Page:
arnabocean

— by Arnab Gupta

My scientific writing workflow

June 30, 2013

I am not fond of MS-Word. Correction: I cannot really tolerate MS-Word, and the only times I really use it are for work, where documents must be shared, modified, commented upon, and tracked for changes between multiple authors, contributors and edit cycles. For those particular circumstances there really isn’t another viable alternative to MS-Word, is there.

But of course, the criteria for my own scientific writing are very different. The only sharing and discussion is with my dissertation adviser, and I can easily handle one other contributor without needing MS-Word. So, of course, I’ve moved as far away from that bloated, cranky piece of software as I can—which is to say, completely away.

Instead, here’s what I use.

On using (or abusing) bio-technology

June 24, 2013

I wrote a small piece on fair use of our biotechnology on my Tumblr, but since I’m planning to write longer pieces on this blog, I wanted to cross-post it here as well.

Joe Hanson, of It’s Okay To Be Smart, wrote:

Can Biotechnology and Genetic Engineering Save an American Icon?

What I find so interesting is that the techniques being used to save this tree, and one day reintroduce it to the wild, are not that different from those that are used to create genetically modified crops. How does saving a dying species by inserting a gene differ from creating an herbicide-resistant soybean, or rice that produces extra vitamins? I have my opinions, but I want to know: What do you think?

My thoughts are below.

The problem facing scientist writers

June 22, 2013

I was lamenting on the scarcity of engineering blogs, even though there are a plethora of excellent science and other technical blogs on the internet.

That got me thinking about why relatively so few scientists in general, and engineers in particular, write and publish on the web. Here’s the problem, I think–

Where are the engineers’ blogs?

June 22, 2013

I wish there were more people writing about engineering mechanics research. It’s certainly a fascinating area, and while perhaps they wouldn’t be as popular as the tech-media blogs, or the awesome science blogs that everyone can identify with, they’d still be pretty good, right?

I really like and follow Dr. Drang, who seems to occupy the perfect niche—mechanical engineering and computer programming. And through Dr. Drang I’ve recently discovered the blog of J. Ben Deaton, but haven’t had the chancce to explore in detail yet. (BTW, Deaton’s site is also powered by Octopress, with the default Octopress theme that I mentioned.) Then there’s Engineering is Awesome, which is also excellent.

But other than that, I don’t know of any engineering or mechanics blogs. There may be some great ones that don’t show up in Google searches—if you know of one, would you let me know? :)

There are quite a few science blogs though (example, example), and they are excellent and fascinating. But where are the engineers? Are engineers really that boring compared to other scientists? :)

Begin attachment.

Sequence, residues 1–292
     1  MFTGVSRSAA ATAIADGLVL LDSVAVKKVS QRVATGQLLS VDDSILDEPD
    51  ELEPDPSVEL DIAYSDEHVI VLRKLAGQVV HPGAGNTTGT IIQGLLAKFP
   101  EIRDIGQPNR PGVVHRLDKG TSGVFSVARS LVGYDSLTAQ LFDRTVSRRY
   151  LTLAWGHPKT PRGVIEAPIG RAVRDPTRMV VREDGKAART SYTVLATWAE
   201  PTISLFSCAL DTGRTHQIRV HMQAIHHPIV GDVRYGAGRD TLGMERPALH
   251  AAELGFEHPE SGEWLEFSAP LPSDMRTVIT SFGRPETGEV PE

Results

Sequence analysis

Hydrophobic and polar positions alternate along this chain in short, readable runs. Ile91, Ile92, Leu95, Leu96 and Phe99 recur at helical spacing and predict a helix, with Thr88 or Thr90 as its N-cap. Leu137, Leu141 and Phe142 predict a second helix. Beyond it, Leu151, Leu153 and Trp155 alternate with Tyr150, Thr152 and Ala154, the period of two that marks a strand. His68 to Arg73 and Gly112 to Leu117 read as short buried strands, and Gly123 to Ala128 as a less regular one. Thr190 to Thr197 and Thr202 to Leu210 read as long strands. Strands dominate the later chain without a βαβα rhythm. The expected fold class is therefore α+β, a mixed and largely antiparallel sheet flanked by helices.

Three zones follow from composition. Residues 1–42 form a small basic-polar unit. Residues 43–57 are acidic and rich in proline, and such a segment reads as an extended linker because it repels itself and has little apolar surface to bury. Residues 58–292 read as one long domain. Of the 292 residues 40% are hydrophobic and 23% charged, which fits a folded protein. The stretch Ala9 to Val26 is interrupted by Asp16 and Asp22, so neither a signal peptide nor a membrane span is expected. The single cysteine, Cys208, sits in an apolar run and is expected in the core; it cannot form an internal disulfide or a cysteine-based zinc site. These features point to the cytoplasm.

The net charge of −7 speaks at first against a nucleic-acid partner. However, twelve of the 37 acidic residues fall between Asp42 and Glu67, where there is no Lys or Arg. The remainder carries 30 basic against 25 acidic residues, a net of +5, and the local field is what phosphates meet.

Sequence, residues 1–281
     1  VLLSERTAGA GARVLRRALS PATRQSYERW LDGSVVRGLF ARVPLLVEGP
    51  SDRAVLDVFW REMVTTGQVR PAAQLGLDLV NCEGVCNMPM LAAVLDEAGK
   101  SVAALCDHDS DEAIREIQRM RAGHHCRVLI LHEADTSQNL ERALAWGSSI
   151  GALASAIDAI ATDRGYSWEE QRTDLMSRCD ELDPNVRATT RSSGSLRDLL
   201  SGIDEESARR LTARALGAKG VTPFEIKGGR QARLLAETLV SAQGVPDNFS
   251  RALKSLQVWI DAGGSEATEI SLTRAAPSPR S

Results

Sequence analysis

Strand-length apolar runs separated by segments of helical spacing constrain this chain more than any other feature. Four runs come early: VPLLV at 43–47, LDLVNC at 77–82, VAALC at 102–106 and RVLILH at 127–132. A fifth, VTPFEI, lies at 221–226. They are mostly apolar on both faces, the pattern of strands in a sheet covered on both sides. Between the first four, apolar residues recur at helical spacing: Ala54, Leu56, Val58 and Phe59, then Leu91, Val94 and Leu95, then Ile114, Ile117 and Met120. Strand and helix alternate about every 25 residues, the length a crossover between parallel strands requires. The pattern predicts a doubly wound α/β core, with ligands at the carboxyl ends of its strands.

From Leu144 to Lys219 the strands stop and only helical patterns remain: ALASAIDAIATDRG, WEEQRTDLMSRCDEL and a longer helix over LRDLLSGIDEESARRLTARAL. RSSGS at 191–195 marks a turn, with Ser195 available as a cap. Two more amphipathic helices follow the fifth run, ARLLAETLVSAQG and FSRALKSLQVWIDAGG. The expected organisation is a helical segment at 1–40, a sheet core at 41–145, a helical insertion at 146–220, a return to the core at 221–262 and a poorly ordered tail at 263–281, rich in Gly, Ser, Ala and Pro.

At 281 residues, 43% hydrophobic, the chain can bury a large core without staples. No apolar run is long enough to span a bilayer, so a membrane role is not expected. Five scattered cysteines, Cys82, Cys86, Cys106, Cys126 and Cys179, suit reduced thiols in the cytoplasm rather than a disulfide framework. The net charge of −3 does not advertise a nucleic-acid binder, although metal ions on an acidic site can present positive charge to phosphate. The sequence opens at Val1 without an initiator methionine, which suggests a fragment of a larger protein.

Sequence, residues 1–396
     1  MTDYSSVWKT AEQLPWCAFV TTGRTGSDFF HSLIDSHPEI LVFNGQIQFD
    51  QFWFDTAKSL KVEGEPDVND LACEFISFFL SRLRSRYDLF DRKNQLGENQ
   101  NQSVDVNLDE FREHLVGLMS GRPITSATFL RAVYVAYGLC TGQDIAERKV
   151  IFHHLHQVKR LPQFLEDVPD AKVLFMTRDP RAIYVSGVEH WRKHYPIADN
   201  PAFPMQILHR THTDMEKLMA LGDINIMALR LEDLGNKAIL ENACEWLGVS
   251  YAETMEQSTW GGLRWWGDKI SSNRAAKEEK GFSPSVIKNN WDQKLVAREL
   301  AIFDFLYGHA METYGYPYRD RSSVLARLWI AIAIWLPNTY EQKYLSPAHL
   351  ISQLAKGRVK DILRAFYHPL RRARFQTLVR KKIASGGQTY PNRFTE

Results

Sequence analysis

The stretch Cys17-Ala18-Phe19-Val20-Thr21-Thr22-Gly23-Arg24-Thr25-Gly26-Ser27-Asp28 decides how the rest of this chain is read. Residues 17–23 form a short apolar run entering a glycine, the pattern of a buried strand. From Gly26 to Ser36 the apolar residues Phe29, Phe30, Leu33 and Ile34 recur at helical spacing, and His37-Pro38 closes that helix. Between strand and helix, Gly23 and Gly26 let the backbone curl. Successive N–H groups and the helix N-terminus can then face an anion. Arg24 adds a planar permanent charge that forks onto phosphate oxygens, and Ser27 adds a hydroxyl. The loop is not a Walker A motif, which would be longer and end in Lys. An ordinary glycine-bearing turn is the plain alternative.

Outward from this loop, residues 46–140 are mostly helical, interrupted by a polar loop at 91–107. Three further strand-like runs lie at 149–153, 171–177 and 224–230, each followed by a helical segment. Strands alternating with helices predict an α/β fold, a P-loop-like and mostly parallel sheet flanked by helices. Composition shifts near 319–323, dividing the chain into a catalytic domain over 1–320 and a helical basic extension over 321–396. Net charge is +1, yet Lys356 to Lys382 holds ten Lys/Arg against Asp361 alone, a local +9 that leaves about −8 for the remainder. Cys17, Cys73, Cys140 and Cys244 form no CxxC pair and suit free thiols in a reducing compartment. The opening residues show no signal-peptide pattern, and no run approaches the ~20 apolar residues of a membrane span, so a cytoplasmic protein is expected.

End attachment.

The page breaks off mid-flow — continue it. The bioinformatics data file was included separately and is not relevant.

Website Rebuild — using Octopress

June 20, 2013

I’d originally designed and built this website in the summer of 2011, and I had made it a point that I myself did all the hard yards of learning the technology and developing (and finding how others had implemented a feature) the HTML and CSS code. I stayed completely away from Javascript, mostly because I basically had no idea about Javascript. I wasn’t sure how resource-hogging Javascript was, and that was a factor, yes—but it was mostly because I didn’t want to use something I didn’t know, and I knew next to nothing about Javascript.

So that was then.

For a while now, though, I’ve been pondering a rewrite and rebuilding of the website, for a number of reasons.

What advantages does a composite have?

March 15, 2013

Previously, we talked about what composite materials are, in an engineering sense. To recapitulate, composites are materials comprising two or more constituents. The constituents are combined in a way such that they retain their distinct identities in the final material (unlike alloys, for example). In particular, we talked about composites with a homogenous ‘matrix’ material (such as epoxy resin in polymer composites, and metals such as aluminum in metal matrix composites) in which reinforcing fibers (such as carbon fibers or glass fibers) or particulates are embedded. The fibers are the reinforcing material that provides strength to the composite, while the matrix material serves other purposes such as: (a) protecting the fibers (b) binding the fibers together to actually create the composite (c) helping to redistribute stresses if a fiber breaks.

But the key question is: why use composite materials at all? Why not use metals as always? What advantages do composites provide? Turns out, quite a few.

So, what are Composites, again?

March 10, 2013

In the broadest sense, a composite material is one that consists of two or more distinct materials—which retain their individual properties even when the final material is formed! In fact, we’ve all encountered various composite materials in our everyday lives.

Aggregate Concrete

Aggregate Concrete. (Source)

Getting up to speed…

March 05, 2013

Let us get introduced, first, to a class of materials which are highly directional in nature. What does directional mean? Let me give an example. Imagine that you have a sheet of thermocol in your hand. Try to pull the sheet apart—if it’s thin enough, you probably can. Does it matter in what direction you hold the sheet of thermocol? Top-bottom versus left-right? Of course it doesn’t. This is an example of a material that is not directional—it responds in identical fashion, whichever direction you choose to interact with it in.

Thermocol Sheet

Thermocol Sheets. (Source)